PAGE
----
Driving along Highway 90 in Israel, a desolate and fascinating landscape greeted me. Thirty years ago, I was beckoned by the salty waters of the mineral-rich Dead Sea, located at the lowest point on Earth. In July 2022, I returned to a starkly different place.

Andrea Peyser and I had frolicked in the buoyant water at Ein Gedi on the sea’s northern basin in 1992. Now the resort is abandoned, a decaying ghost town in the middle of sinkholes — a nightmare scene out of a science fiction novel, fenced off and marked with DANGER signs. When the Ein Gedi Spa resort closed in March 2020, the water had receded 2½ miles away (4 kilometers).

Mark Phillips and Andrea Peyser in Dead Sea on trip to Israel in 1992. ©Mark D Phillips
Mark Phillips and Andrea Peyser in Dead Sea on trip to Israel in 1992. ©Mark D Phillips

The Dead Sea is 1,430 feet (436 meters) below sea level with a staggering 34 percent salinity, giving it the honor of being the world’s deepest hypersaline lake, reaching a maximum depth of 1,000 feet (305 meters). It has shrunk to half the size it was in 1976, losing as much as 4 feet per year (1.2 meters).

The most striking and startling change in the last three decades is that there are now two distinct bodies of water, the north basin which is the actual lake, and the south basin, where water from the north basin is pumped into ponds to evaporate, leaving behind salt and other minerals.

On this trip to the Dead Sea, we were taken to the “new” resorts in Ein Bokek, which are located on the shore of a massive, 30-square mile (80-square-kilometer) evaporation pond. Once the south basin split completely and began to dry, the evaporation ponds were created by the Dead Sea Works to harvest magnesium chloride, industrial salts, de-icers, bath salts, table salt, and raw materials for the cosmetics industry.

The water is very shallow and freakishly superheated, coming close to the temperature of the hot springs in Colorado. I didn’t enjoy the heat. But the sheer buoyancy, the feeling of being forced up and out of the dense, salty brine, is otherworldly. One could sit upright in the sea without the aid of any flotation device and read a newspaper without getting the pages wet. It feels as if one is sitting atop worn-out foam. The water is much shallower and the salt formations much thicker on the shoreline than I remembered. The sharp shards of salt are so thick on the bottom that if one’s back touches, it’s easy to get painful scrapes. I was warned not to shave prior to taking the plunge as the salt attacks any abrasion. It’s fascinating, even fun – just not my idea of a lazy day at the beach.

Leaving Ein Bokek and heading back along the north basin, the shapes of sinkholes are visible throughout the empty land stretching from the highway to the shoreline. Sinkholes first began appearing in the 1980s, and as the water table shrank, the numbers have become staggering, with over 6,000 sinkholes on the western (Israeli) side alone, according to Dr. Michael Lazar of the Department of Marine Geosciences at the University of Haifa.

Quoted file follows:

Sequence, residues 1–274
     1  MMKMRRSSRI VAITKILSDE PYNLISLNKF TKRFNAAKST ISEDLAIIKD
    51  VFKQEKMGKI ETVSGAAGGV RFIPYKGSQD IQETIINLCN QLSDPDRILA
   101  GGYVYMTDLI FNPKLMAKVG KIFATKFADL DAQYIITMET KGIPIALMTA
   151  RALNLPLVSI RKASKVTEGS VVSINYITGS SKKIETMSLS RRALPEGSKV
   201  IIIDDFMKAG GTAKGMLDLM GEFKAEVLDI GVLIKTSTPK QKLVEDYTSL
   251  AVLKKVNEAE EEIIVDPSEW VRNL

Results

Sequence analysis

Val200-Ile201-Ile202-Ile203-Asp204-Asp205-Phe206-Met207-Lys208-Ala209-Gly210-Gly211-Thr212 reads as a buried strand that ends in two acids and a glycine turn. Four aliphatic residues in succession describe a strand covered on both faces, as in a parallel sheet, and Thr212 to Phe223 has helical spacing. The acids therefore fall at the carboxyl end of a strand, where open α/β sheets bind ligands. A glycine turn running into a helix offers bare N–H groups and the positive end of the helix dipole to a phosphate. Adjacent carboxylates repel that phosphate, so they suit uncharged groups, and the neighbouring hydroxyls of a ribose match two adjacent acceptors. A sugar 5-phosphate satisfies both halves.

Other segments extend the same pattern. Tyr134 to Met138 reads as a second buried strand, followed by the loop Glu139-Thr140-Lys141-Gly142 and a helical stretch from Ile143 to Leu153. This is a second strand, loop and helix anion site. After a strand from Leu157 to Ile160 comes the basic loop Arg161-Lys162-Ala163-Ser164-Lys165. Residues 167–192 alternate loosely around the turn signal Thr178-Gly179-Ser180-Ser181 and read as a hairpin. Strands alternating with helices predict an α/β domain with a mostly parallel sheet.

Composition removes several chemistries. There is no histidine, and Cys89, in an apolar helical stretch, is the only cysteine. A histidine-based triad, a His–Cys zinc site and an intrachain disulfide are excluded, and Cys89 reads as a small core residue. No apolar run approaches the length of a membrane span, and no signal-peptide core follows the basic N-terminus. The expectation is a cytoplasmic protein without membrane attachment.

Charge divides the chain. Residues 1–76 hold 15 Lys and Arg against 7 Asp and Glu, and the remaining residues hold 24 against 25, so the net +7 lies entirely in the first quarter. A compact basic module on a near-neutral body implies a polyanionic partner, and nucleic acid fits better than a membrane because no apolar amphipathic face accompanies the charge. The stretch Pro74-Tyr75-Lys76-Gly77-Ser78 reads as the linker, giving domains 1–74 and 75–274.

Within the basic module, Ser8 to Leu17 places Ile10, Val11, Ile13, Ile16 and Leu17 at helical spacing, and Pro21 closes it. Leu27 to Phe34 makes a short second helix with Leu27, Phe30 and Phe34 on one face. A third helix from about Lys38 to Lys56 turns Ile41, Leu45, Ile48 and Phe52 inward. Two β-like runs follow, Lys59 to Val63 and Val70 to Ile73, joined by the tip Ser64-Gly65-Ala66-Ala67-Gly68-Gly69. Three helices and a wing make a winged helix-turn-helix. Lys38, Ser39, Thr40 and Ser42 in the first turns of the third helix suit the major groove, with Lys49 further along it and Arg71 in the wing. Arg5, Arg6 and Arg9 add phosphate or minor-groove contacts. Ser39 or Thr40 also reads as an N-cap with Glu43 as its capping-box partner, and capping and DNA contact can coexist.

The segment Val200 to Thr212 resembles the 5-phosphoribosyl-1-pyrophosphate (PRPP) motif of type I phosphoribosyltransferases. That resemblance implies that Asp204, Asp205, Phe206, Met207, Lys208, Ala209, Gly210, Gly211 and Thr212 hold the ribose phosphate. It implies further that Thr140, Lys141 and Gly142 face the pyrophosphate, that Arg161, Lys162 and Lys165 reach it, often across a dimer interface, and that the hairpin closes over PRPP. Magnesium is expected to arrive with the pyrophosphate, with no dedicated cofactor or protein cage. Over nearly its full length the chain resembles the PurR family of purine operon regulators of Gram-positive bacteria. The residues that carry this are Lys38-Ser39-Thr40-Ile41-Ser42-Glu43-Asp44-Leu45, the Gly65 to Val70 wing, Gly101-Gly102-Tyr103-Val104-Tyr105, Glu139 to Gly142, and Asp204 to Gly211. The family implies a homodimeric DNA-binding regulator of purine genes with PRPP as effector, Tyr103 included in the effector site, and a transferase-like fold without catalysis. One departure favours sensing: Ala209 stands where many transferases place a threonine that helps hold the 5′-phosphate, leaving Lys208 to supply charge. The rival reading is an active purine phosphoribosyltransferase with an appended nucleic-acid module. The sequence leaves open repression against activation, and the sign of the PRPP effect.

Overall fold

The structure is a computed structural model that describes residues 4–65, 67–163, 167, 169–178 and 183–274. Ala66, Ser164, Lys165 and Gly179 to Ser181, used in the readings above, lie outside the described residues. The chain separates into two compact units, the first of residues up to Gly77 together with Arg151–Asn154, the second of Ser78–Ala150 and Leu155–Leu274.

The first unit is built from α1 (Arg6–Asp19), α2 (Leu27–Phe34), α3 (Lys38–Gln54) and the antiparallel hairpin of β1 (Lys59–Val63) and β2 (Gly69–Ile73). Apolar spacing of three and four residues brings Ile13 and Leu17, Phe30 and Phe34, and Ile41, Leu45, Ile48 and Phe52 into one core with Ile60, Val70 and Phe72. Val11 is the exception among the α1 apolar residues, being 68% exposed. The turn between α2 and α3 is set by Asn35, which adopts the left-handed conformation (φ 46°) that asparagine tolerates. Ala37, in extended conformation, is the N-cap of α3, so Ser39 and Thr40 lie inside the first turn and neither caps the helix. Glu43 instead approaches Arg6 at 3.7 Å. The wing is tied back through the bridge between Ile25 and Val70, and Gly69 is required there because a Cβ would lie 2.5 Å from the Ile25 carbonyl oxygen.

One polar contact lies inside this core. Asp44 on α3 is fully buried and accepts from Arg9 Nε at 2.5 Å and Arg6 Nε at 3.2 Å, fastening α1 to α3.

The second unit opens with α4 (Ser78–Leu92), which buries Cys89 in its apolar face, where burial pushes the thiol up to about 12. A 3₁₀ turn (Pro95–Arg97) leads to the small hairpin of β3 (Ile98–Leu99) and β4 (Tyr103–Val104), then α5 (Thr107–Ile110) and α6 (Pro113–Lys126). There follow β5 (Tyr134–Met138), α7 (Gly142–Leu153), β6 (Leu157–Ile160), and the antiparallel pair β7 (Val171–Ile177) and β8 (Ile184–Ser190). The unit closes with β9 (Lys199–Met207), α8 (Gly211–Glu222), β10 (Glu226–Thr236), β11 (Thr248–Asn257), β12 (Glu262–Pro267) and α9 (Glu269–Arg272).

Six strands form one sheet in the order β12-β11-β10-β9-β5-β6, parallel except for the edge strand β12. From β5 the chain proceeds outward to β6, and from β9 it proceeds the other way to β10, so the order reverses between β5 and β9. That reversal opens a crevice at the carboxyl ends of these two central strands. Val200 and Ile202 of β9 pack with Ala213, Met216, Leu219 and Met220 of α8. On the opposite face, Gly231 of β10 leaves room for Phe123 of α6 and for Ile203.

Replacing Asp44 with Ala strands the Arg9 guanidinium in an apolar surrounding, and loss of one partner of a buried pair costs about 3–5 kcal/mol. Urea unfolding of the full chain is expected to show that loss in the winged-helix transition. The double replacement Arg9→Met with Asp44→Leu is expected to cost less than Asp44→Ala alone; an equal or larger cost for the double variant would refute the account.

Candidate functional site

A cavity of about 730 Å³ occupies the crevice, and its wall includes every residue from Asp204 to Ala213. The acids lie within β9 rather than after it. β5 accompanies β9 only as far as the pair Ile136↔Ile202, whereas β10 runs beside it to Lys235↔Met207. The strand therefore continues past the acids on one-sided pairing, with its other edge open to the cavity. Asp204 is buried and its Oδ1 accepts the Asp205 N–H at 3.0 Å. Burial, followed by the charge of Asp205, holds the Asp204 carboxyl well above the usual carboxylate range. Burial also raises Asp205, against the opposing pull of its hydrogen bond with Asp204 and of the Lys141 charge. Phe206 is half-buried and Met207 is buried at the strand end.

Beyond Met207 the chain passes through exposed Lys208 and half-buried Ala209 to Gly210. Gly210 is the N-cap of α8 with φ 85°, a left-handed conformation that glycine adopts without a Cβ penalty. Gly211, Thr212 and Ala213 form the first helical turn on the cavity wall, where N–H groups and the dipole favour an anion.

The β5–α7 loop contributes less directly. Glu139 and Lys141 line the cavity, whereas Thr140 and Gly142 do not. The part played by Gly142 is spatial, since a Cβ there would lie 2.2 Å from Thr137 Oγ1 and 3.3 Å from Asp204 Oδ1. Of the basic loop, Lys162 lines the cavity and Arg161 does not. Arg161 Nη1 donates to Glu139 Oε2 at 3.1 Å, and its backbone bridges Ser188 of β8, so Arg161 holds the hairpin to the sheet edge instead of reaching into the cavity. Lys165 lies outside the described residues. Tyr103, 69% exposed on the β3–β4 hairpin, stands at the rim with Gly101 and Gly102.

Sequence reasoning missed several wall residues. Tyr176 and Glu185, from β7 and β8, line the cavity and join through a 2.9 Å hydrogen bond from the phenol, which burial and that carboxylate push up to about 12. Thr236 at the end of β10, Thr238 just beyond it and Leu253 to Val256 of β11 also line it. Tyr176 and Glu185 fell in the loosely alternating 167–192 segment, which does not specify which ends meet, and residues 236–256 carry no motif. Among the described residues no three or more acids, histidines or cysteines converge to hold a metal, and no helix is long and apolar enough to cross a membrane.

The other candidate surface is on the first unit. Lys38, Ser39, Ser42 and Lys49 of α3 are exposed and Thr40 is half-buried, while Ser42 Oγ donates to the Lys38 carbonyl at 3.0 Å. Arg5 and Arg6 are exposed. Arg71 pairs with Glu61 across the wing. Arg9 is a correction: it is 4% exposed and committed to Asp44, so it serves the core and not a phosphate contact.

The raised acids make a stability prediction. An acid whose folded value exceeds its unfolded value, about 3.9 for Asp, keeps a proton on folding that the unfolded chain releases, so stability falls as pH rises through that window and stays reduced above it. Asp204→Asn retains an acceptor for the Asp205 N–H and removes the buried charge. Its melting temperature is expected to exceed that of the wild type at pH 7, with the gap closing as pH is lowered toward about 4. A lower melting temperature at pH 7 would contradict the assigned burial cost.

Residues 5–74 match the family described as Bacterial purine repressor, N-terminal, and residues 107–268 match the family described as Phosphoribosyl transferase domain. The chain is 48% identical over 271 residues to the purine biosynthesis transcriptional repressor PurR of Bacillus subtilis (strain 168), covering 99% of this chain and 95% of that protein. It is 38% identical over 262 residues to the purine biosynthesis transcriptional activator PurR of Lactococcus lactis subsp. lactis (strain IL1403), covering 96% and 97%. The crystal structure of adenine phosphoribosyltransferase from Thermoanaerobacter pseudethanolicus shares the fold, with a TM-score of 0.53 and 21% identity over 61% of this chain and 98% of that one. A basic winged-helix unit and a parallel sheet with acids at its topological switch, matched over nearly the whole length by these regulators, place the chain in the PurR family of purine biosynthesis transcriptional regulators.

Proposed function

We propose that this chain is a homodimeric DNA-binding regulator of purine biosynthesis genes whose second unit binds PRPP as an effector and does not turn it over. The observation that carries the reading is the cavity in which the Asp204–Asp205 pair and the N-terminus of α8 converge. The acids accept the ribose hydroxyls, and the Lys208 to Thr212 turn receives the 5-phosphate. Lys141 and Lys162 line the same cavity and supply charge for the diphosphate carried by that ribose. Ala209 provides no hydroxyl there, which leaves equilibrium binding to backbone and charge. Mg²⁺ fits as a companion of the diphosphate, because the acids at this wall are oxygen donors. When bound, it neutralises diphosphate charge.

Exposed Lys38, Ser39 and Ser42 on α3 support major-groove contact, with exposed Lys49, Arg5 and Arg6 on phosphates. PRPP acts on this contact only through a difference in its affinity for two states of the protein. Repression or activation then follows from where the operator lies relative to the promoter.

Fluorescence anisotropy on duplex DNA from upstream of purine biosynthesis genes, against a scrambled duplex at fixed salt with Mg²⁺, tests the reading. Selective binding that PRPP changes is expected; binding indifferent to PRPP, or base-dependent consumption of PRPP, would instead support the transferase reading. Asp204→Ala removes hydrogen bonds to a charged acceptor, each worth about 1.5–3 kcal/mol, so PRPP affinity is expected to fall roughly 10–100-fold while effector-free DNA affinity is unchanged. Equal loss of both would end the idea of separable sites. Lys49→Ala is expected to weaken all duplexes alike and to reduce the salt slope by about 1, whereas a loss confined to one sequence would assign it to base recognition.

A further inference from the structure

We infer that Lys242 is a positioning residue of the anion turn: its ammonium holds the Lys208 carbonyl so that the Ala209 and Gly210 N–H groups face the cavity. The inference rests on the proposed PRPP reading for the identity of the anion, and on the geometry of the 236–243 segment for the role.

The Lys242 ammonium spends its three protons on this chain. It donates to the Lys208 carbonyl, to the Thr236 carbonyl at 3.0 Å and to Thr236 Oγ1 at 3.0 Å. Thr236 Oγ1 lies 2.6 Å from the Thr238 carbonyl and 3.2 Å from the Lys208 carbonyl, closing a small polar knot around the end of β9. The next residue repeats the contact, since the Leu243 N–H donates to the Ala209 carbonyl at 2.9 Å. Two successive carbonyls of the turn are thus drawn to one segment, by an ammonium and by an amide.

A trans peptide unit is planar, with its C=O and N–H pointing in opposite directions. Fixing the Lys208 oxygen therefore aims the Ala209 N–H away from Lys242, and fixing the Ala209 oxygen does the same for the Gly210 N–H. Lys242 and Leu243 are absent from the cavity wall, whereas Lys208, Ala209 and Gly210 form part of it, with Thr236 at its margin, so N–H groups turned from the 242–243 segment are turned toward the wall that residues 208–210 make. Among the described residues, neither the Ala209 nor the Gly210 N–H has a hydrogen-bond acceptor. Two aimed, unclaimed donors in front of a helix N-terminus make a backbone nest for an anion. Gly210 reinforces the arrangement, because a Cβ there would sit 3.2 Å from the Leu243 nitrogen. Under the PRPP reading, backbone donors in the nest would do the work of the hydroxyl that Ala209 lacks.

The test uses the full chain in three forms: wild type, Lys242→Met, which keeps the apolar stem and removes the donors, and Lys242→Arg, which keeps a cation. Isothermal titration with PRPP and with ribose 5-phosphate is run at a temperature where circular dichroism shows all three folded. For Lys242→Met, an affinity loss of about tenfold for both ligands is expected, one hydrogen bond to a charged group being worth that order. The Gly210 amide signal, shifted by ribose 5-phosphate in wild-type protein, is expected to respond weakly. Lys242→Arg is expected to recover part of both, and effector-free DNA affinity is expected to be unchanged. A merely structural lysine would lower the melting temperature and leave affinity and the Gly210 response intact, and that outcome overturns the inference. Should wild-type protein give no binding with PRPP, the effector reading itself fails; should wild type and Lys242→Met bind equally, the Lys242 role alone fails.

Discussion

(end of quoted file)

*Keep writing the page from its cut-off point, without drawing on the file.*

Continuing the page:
The Dead Sea has lost its main source of water. The Jordan River Basin is delivering less than 10 percent of its historical average into the Dead Sea. The water resources stretching from the Sea of Galilee (also known as Lake Tiberias) are put to use by three governments; the Kingdom of Jordan, Palestine, and Israel. Jordan just canceled the highly touted Red Sea-Dead Sea canal joint project with Israel and the Palestinian Authority, that would have permanently linked the two bodies. Jordan is now working on its own project to pump water from the Red Sea to a desalination facility in Aqaba for introduction to the north basin. Jordan is one of the most water-starved countries in the world with a population of 10 million. All of this is exacerbated by drought and possible climate change.

It turns out the Dead Sea sinkholes are part of giant cave systems called karsts, which carry water underground from one to another. As the highly saline water receded, it left behind a thick layer of salt about 60 feet beneath the surface. Rushing flood water during the winter carves out the salt, leaving a cavity in the salt layer, which then collapses in on itself. Dr. Gideon Baer, who leads the Geological Survey of Israel unit that studies and monitors the Dead Sea, estimates that 500 new sinkholes open up every year, an average of more than one per day.

The geopolitics of water will be a challenge in the quest to save the Dead Sea, written of in both the Quran and Old Testament. Called the Salt Sea in Genesis 14:3, it is mentioned sixteen times throughout the Bible. In the Quran, the Dead Sea is the site of the ancient city of Sodom, destroyed by God for the people’s wickedness. According to the Quran, the punishment was to “turn the cities upside down, and rain down on them brimstones hard as baked clay, spread layer on layer, marked from your Lord” (Quran 11:82–83). Some say the city is beneath its water.

According to Prof. Nadav Lensky, head of the Dead Sea Observatory at the Geological Survey of Israel, the Dead Sea’s level will eventually stabilize once the salt concentration is so high that evaporation levels plummet and are balanced out by the little fresh water that still flows in from the Sea of Galilee and streams to the west and east. But it could be several hundred years before that occurs. With populations growing in the desert, will there ever be enough water? The world’s top scientists are working on that very problem.

Salt and Green water mark the edges of the shoreline along the Dead Sea near Ein Gedi, Israel, in 2022. ©Mark D Phillips
Salt and Green water mark the edges of the shoreline along the Dead Sea near Ein Gedi, Israel, in 2022. ©Mark D Phillips